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The Charité – Universitätsmedizin Berlin didn’t actually start as an university, it was originally founded in 1709 by the King of Prussia as an hospital, due to the expected outbreak of plagues in the region, particularly the bubonic plague that had already deeply affected the region of East Prussia. This however ended up being inaccurate, and with the city spared of the plagues a new purpose had to be found for the institution.
The first of these new roles was to be a charity hospital aimed at the welfare of the poor masses, what ultimately earned it the name of Charite. However the establishment of various buildings in it’s grounds like an anatomical theater in the 18th century paved the way for the hospital to become a medical school, a role it currently operates as.
In the present day it’s trajectory in the are of medicine is undisputed, the hospital has been ranked as the best in Europe for many years, and over half of all Nobel prize winners Germany has in the areas of medicine and physiology have been involved with the institution.
The Charité – Universitätsmedizin Berlin as a dedicated medical school has a somewhat more limited course selection than a general university would have, with 19 courses available at the institution, which currently is host to around 7500 students, however going back to this, a large percentage of those courses are graduate programs, as such when it comes to undergraduate courses there are a few main routes to take at Charité:
- Health Care Sciences
Admission to the Charité – Universitätsmedizin Berlin has a few more steps than usual, but it’s not necessarily any more complex, students are expected to apply with a German Abitur, and those whose qualifications aren’t equivalent might need to present an access examination to the institution.
Most courses at Charité base their admission on the results of some sort of examination, like the HAM-Nat test, so outside of an student’s original school results they must be ready and timely when presenting their test to guarantee a smooth entry into the institution.
One of the main priorities of the Charité – Universitätsmedizin Berlin is to help students balance their studies and other aspects of their life, as such it counts with a wide network of support for students which includes legal support, help for those who are already parents, and sport facilities aimed at keeping their student body healthy.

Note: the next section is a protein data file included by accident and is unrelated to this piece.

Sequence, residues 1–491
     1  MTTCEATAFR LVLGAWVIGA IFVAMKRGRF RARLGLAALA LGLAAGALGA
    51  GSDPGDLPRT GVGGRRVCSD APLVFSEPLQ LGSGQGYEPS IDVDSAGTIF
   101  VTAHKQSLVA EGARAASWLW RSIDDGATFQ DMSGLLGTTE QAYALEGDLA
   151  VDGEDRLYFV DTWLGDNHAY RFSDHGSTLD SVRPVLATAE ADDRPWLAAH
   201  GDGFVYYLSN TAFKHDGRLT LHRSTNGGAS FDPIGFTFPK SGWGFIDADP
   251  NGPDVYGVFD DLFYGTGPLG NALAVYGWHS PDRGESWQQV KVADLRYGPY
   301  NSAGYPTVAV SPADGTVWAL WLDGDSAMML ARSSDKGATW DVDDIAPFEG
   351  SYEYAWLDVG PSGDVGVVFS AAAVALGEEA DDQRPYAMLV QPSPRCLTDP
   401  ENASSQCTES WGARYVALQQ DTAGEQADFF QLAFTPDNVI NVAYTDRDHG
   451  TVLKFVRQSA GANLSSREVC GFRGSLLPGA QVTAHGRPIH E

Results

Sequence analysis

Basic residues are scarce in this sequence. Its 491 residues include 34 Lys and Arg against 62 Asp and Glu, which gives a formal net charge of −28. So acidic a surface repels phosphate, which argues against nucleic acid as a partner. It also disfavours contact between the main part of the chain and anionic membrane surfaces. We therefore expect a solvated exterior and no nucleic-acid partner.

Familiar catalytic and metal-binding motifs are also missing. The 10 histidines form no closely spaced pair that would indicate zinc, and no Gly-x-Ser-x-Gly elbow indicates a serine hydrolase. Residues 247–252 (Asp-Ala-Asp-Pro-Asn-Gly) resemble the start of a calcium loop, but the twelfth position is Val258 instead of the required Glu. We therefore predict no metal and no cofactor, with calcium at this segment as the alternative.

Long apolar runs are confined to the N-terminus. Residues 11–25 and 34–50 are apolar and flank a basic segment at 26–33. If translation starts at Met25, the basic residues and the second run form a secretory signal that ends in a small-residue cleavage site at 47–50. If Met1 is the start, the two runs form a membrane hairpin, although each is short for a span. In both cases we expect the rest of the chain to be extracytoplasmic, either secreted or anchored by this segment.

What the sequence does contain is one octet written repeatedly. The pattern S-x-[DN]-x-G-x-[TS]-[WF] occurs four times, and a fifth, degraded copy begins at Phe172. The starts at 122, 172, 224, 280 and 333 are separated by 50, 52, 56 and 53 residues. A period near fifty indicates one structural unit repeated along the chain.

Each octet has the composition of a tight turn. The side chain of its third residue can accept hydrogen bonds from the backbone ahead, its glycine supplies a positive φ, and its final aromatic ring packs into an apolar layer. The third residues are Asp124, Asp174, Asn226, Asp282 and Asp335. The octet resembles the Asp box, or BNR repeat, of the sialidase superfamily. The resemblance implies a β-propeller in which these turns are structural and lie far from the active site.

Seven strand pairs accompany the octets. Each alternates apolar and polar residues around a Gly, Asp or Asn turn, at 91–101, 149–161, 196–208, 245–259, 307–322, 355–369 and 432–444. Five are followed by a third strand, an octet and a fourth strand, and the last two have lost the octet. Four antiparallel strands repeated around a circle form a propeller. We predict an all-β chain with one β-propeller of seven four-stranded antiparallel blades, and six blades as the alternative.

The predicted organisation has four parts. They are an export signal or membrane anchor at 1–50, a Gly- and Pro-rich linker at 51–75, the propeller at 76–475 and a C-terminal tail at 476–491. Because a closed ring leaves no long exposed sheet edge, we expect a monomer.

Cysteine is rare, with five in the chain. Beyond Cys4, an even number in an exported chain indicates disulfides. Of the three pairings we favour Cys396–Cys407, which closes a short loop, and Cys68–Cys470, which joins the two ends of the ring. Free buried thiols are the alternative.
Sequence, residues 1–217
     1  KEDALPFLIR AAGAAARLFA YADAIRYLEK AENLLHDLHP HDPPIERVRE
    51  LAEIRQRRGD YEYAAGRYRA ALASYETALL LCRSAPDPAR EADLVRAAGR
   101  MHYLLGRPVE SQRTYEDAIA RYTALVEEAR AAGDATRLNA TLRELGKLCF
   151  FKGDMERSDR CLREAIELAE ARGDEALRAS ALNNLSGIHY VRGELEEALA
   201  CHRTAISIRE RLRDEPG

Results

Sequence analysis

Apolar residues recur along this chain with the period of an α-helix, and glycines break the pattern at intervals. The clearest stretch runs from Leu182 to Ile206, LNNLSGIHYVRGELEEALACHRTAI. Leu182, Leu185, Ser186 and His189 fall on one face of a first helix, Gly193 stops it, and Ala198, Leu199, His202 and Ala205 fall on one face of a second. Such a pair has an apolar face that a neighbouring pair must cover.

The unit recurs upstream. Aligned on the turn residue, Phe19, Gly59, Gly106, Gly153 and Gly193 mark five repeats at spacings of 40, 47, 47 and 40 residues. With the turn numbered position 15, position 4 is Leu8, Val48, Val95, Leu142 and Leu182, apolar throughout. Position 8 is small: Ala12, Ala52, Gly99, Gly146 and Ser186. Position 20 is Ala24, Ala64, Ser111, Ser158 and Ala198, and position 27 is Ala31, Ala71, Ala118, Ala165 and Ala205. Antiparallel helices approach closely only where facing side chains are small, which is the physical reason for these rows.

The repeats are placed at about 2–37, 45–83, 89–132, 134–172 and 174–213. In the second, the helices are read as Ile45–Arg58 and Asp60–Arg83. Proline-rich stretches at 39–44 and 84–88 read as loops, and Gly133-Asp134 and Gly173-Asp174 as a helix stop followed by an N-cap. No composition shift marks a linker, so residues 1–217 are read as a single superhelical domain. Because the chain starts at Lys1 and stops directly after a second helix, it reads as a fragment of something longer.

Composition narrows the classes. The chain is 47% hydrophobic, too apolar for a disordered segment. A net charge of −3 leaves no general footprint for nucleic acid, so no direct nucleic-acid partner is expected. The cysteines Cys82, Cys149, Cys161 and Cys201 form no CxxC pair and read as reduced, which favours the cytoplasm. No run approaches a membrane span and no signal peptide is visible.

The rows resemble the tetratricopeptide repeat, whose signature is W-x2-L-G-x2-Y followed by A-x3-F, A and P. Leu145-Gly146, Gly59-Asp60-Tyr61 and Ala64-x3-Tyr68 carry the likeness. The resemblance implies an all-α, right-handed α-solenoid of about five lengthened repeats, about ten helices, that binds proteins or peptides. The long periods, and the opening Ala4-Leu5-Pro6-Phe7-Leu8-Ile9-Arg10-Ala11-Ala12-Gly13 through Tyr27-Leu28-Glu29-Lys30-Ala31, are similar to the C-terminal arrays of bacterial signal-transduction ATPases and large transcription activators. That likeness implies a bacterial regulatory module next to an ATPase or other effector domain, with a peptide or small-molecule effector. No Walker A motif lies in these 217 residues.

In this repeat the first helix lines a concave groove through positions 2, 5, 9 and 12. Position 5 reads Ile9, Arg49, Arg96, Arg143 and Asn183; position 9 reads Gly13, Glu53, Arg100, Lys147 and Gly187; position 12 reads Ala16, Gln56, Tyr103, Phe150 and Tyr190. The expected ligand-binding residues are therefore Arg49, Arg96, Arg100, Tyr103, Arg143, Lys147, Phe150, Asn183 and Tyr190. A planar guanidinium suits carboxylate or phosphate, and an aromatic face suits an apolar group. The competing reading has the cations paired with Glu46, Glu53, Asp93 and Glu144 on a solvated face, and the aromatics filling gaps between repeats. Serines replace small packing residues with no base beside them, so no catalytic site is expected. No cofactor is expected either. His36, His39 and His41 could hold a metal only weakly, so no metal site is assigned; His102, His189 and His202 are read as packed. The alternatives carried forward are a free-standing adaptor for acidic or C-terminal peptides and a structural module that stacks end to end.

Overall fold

Part-time work is actually really common for students in Germany, as surveys show that roughly two thirds of all students go to work, the Charité – Universitätsmedizin Berlin counts with a Student Job Placement program that acts as a middleman between companies and students to allow them to pursue part-time jobs while enrolled at the institution.
While international students from the EU or EEA have little to no restrictions on work, the situation can be somewhat more limited for international students which do not fit the above, while they are allowed to work 120 full or 240 half days in a year, German law prevents them from pursuing freelance work.
As the Charité – Universitätsmedizin Berlin doesn’t count with any examination fees, and the main bulk of undergraduate programs is largely absent of tuition fees the main cost students are likely to incur on is the registration fee, which currently amounts to around €300.
The Charité – Universitätsmedizin Berlin is currently ranked as the 351th best college level institution in the world, making it the overall twenty sixth best university in it’s home country of Germany.
Address: Charitéplatz 1, 10117 Berlin
Phone: +49 30 450 – 50
There isn’t much else to say when a name like Charité is in the picture, the institution has long been one of the most prestigious when it comes to medical education, and any student in the area or who is planning to move for their studies should keep it as one of their top picks, as few names and courses are a remarkable as those offered at the institution.